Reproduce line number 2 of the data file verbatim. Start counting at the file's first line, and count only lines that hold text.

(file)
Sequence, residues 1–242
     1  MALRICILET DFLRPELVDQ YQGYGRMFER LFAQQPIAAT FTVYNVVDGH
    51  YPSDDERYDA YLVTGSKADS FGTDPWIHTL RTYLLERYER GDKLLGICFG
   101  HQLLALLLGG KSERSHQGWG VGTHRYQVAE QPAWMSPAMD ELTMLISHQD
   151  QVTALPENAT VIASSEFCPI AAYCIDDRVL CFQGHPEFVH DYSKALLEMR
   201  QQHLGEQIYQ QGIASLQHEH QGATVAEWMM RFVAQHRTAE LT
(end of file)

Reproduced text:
     1  MALRICILET DFLRPELVDQ YQGYGRMFER LFAQQPIAAT FTVYNVVDGH